TALLAHASSEE, Fla. (AP) - The medical examiner who ruled last week that a teenager died of natural causes after he was struck by Panama City boot camp guards earlier signed mistake-filled autopsy reports on a man and his adult daughter killed in a September 2004 tornado, their widow and mother said Monday.
Donna Faye Reed's autopsy report, which was signed by Dr. Charles F. Siebert Jr., said "the prostate gland and testes are unremarkable" - organs that are part of the male genitalia. The autopsy of her father, James Terry, failed to mention major wounds on his body that were obvious, his widow says.
"I was extremely upset about my daughter having testicles - any mother or daddy would be," Frances Terry said. "And my husband not having any visible scars really upset me, too."
She said she has been complaining about Siebert to officials for a year, with little success.
Siebert has drawn national criticism since he ruled Thursday that 14-year-old Martin Lee Anderson died last month from hemorrhaging caused by sickle cell trait, a usually benign blood condition that one in 12 African Americans has. Security camera videotape taken at the Bay County juvenile boot camp Jan. 5 and released Friday shows that Anderson was struck and kneed several times by guards during a half hour encounter. The guards said he was not cooperating during an exercise drill shortly after he checked in.
Siebert did not return calls Monday left at his home and his office, which was closed for Presidents Day.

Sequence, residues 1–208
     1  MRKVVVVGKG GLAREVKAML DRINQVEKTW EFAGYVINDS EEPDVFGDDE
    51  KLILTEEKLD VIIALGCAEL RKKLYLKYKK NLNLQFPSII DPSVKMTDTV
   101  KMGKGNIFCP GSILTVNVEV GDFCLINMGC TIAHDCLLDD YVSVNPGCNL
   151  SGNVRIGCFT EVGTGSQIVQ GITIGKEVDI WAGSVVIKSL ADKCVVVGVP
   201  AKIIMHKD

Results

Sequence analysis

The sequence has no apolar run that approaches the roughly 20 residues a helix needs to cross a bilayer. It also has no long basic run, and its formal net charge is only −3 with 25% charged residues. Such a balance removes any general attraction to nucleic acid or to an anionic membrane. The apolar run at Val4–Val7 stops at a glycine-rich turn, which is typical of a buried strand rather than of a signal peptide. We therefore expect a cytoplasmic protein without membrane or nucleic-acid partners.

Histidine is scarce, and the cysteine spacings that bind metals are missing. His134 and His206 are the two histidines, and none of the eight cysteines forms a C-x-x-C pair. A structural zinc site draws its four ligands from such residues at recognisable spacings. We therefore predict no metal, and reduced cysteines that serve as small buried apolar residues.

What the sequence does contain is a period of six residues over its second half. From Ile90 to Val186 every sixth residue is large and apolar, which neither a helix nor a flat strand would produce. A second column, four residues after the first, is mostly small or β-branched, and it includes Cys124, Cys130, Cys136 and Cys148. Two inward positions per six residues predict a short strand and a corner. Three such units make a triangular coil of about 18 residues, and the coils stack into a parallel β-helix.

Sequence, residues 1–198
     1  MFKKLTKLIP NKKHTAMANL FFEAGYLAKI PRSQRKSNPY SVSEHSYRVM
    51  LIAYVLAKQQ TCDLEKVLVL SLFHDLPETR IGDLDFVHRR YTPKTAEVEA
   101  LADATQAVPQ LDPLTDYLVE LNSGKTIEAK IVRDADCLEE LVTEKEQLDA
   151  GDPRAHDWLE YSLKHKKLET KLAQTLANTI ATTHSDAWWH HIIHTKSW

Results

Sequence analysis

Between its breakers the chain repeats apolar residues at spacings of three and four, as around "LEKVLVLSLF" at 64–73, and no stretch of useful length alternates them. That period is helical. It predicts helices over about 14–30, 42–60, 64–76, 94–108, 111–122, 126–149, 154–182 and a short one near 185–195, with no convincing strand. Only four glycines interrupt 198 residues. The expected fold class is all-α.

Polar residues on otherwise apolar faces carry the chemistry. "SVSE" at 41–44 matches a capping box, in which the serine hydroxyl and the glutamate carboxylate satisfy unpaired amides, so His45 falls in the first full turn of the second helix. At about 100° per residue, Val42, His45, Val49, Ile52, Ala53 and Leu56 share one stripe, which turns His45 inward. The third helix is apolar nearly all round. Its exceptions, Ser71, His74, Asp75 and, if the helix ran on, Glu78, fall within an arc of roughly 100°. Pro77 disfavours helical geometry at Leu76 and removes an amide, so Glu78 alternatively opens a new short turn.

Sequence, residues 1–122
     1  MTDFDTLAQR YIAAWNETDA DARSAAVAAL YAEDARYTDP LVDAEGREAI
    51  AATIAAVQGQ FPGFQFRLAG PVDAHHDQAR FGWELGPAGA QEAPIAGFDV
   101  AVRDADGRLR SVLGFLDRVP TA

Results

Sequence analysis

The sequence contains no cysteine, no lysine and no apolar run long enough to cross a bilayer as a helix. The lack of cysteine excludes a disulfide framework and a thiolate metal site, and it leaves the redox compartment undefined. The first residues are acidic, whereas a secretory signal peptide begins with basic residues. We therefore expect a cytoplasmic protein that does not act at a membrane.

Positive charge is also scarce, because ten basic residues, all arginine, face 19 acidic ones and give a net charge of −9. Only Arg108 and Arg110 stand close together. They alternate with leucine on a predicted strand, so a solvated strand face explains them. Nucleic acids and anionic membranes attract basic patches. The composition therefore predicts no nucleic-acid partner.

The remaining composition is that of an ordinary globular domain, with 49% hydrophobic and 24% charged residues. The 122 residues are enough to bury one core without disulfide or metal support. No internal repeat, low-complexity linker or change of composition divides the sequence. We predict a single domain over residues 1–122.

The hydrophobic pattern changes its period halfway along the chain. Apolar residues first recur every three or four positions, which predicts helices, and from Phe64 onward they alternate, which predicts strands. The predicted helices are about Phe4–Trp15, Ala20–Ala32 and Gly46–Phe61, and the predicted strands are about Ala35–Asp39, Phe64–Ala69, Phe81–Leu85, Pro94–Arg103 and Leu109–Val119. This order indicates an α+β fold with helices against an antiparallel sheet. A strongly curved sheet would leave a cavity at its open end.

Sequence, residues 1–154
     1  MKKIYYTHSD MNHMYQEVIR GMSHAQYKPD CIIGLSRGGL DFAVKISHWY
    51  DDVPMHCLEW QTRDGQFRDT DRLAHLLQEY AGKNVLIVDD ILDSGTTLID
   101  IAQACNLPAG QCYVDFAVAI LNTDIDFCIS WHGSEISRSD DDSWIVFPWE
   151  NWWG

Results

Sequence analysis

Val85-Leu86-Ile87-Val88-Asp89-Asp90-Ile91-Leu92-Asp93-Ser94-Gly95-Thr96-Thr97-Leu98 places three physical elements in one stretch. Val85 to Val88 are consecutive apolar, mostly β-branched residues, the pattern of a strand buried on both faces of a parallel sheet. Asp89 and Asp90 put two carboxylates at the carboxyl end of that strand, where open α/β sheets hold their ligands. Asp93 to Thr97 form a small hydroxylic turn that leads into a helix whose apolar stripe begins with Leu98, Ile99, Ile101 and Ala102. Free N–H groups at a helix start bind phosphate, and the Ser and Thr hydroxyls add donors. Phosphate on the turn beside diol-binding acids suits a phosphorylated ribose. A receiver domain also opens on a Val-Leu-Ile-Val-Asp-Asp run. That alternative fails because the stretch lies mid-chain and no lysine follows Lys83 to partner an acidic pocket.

James Terry, 55, and Reed, 34, died Sept. 15, 2004, as a result of a tornado spawned by Hurricane Ivan that ripped through the Blountstown area in Calhoun County, just northeast of Panama City in the Florida Panhandle.
Frances Terry, who spent more than three weeks hospitalized for treatment of the injuries she received in the tornado, missed the funeral of her husband and daughter while on a ventilator.
Her husband's autopsy report noted no major wounds on his body even though there were several, including some on his belly and back and a 12-inch wound along his shoulder blade that Terry said required 80 stitches to close.
"It bothered me no end," she said.
She said there were other problems with her daughter's autopsy besides giving her male organs, including comments on an appendix and female reproductive organs that she says were both removed in earlier surgeries. Reed's age was also wrong.
Although Siebert's signature was on both autopsy reports, it was unclear if he had actually performed the procedures but no other doctors are named.
Gina Jones, Anderson's mother, was blunt in her criticism of Siebert after learning of Terry's allegations.
"That doctor needs to go back to school," Jones said.
Siebert's autopsy report on her son created a stir in the medical community where some experts said there are rare cases of sudden death after exertion among people with sickle cell trait, but that it would've been unlikely that it alone would've caused Anderson's death.
Terry saw a television report Saturday that led her to Jones' attorney, Ben Crump, in Tallahassee. He is suing the Bay County Sheriff's Office, which runs the boot camp, and the Department of Juvenile Justice, which oversees the programs statewide.
"When I heard that this child died in Bay County, the first thing that crossed my mind was 'I wonder who did his autopsy?'" she said.
Frustrated that she had been unable to get any Panama City attorneys or State Attorney Steve Meadows to listen to her, Terry called Crump. Meadows did not immediately return a message left at his home Monday.
At one point, Terry said, she did reach Lesa Forehand, director of investigation for the 14th District Medical Examiner, to complain about the autopsy reports on her daughter and husband.
"She was very apologetic," Terry said. "She said she wasn't trying to make any excuses, but they were out of power in Bay County for a few days.
"I told her they must've performed the autopsies in the dark," Terry said.
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